Lavandula latifolia is a small shrub of the Lamiaceae family that grows in calcareous and dry hills of south of Europe. It is called “espígol mascle” in Catalan, “alhucema” in Spanish, “grande lavande” in French and “spike lavender” in English. Its former Latin name, Lavandula aspic, originates from the fact that it was traditionally used to cure snakebites (aspis means snake in Latin), by rubbing the plant directly onto the bite.
Spike lavender (Lavandula latifolia) can be easily mistaken for true lavender (Lavandula angustifolia). However, true lavender grows at higher altitudes, it’s a shorter bush, its leaves are narrower, blooms earlier, and its flowers are of a more intense purple. Both plants are cultivated to obtain essential oils from their flowering tops, but the resulting oils are quite different: while the essential oil of spike lavender contains linalool (34-50%), 1,8-cineol (16-39 %), camphor (8-16%), and has a spicy, green-floral and camphoraceous aroma, true lavender contains linalool (35-55 %), linalyl acetate (20-40 %) and (E)-β-caryophyllene (1-3 %) and has a sweet, floral and herbaceous smell.
Because of such differences in composition, the essential oils coming from these two plants have entirely different indications. While the oil of true lavender is very well-known for its relaxing properties, spike lavender oil is considered a must-have oil in emergency kits, as it soothes insect bites, burns and skin irritations. These indications recall its traditional use against snake bites. The oil acts by modulating how the brain perceives pain, and by having anti-inflammatory activity via the inhibition of lipoxygenase and by promoting cicatrization.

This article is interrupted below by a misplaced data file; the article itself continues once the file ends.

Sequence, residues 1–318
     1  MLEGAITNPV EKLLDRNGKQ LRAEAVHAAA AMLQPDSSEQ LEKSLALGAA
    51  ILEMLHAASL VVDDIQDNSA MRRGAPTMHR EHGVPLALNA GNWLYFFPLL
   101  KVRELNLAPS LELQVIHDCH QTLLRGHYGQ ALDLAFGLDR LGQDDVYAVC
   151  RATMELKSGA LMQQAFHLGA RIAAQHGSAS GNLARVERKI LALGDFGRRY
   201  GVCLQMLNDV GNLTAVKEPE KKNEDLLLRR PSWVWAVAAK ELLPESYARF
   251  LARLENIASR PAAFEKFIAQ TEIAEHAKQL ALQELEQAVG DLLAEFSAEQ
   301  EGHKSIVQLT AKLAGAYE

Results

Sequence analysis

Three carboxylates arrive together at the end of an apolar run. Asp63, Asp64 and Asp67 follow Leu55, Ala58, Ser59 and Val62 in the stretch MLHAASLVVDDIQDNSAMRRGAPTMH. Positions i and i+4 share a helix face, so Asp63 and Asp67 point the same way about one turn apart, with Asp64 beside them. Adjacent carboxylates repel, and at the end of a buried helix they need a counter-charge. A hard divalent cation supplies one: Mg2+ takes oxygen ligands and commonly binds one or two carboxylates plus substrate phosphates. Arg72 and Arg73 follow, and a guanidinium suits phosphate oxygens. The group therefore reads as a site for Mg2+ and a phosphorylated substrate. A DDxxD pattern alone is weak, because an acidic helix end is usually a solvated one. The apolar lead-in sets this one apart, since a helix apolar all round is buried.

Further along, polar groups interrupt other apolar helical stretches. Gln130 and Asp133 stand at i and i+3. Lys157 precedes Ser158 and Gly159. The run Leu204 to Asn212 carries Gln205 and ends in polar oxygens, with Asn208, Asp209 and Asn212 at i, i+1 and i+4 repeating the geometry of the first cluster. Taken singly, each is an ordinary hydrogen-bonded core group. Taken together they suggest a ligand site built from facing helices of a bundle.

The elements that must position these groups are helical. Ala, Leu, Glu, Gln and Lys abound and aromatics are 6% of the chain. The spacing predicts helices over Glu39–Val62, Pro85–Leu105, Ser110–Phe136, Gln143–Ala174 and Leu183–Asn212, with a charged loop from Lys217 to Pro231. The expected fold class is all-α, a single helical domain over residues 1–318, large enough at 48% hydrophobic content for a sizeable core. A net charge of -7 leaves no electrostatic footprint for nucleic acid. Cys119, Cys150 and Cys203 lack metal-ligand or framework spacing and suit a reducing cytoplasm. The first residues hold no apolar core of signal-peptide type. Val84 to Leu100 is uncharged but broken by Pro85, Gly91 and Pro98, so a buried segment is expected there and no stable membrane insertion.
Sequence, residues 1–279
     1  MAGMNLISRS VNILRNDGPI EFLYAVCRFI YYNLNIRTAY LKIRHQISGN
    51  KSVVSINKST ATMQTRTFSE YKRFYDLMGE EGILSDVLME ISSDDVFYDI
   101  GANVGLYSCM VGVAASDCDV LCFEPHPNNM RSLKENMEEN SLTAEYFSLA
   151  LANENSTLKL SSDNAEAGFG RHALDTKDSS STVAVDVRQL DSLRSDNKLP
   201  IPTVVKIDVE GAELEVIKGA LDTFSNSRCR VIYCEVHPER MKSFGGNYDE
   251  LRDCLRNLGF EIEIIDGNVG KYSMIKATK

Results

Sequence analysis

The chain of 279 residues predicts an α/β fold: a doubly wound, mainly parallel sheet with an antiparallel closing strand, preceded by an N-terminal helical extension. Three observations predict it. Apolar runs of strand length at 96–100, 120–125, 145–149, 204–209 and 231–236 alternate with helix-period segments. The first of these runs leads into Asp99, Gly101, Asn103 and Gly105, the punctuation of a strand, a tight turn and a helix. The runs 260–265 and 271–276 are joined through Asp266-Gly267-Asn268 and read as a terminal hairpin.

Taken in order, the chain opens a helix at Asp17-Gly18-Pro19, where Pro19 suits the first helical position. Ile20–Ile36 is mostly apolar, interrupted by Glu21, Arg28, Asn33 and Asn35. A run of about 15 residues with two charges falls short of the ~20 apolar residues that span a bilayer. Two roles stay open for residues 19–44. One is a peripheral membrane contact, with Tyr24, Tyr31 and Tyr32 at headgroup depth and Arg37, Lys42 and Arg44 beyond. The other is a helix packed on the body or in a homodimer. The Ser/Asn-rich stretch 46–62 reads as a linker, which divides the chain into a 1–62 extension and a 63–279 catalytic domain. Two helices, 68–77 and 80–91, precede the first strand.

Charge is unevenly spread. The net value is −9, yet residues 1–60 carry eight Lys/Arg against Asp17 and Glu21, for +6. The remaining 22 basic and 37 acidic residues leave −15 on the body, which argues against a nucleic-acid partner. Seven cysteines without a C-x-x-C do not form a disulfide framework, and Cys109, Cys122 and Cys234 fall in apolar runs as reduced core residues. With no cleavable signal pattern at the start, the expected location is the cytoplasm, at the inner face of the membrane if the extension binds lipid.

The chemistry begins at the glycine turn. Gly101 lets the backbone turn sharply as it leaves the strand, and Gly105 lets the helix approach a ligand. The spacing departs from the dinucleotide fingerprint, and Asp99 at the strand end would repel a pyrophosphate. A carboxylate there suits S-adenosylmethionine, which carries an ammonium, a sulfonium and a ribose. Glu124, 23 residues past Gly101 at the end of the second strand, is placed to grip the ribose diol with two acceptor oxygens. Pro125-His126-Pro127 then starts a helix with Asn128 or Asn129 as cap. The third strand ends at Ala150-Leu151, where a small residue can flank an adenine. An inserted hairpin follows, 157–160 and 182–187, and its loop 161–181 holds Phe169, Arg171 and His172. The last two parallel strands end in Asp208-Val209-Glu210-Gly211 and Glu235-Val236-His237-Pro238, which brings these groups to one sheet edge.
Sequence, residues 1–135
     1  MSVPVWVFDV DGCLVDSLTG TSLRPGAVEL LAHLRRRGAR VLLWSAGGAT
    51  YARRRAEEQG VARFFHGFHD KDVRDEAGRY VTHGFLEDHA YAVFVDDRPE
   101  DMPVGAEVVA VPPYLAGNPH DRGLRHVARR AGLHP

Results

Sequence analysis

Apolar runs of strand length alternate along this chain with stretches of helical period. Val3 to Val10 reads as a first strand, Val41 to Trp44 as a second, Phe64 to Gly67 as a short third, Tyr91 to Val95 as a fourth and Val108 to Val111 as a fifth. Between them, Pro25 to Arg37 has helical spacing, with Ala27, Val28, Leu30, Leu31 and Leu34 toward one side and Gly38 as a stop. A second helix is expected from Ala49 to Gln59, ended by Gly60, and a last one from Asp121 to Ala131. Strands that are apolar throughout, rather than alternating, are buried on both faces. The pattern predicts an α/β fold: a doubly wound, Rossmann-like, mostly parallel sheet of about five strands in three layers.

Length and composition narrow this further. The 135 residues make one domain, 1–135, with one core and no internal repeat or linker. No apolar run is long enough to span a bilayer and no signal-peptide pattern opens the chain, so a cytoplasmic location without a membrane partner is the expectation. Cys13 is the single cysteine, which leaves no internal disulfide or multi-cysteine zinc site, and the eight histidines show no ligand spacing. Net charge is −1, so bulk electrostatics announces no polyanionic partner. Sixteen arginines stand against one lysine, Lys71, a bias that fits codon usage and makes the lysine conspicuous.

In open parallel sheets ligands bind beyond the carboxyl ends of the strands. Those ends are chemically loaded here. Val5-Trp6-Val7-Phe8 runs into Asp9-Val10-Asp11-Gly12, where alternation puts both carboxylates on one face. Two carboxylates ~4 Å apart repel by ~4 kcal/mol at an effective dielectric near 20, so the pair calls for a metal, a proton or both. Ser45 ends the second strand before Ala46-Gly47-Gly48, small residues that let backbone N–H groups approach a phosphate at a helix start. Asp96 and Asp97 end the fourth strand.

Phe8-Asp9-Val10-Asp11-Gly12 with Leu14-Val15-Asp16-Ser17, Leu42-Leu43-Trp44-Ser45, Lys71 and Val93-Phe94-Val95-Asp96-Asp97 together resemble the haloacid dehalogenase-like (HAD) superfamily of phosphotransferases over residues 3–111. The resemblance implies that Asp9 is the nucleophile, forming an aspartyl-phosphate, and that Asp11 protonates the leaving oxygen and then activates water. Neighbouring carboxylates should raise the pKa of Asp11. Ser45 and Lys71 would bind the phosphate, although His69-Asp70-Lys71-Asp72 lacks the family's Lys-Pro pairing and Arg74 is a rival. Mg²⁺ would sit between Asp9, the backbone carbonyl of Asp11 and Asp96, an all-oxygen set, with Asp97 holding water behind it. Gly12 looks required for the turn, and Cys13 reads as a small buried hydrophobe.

Spike lavender oil can be used to treat fungal dermatitis in humans and pets. It has shown antibacterial effect against E. coli and methicillin-sensitive and methicillin-resistant Staphylococcus aureus (MSSA and MRSA). A product that contains spike lavender oil, together with other ingredients, has shown antiviral activity against African Swine fever virus, an important disease that affects pig farms worldwide.
Furthermore, in clinical trials, two commercial products based on Spike lavender oil have shown to be effective in the treatment of uncomplicated acute bronchitis and acute viral rhinosinusitis in adult patients.
For all the indications we have laid out, spike lavender essential oil is really one of the most useful in the emergency kit, it is definitely needed in the first aid kit at home, and we should not forget it when we go out on a hike or travel.
Pictures: Javier Martín; Bertrant Bui, via Wikimedia Commons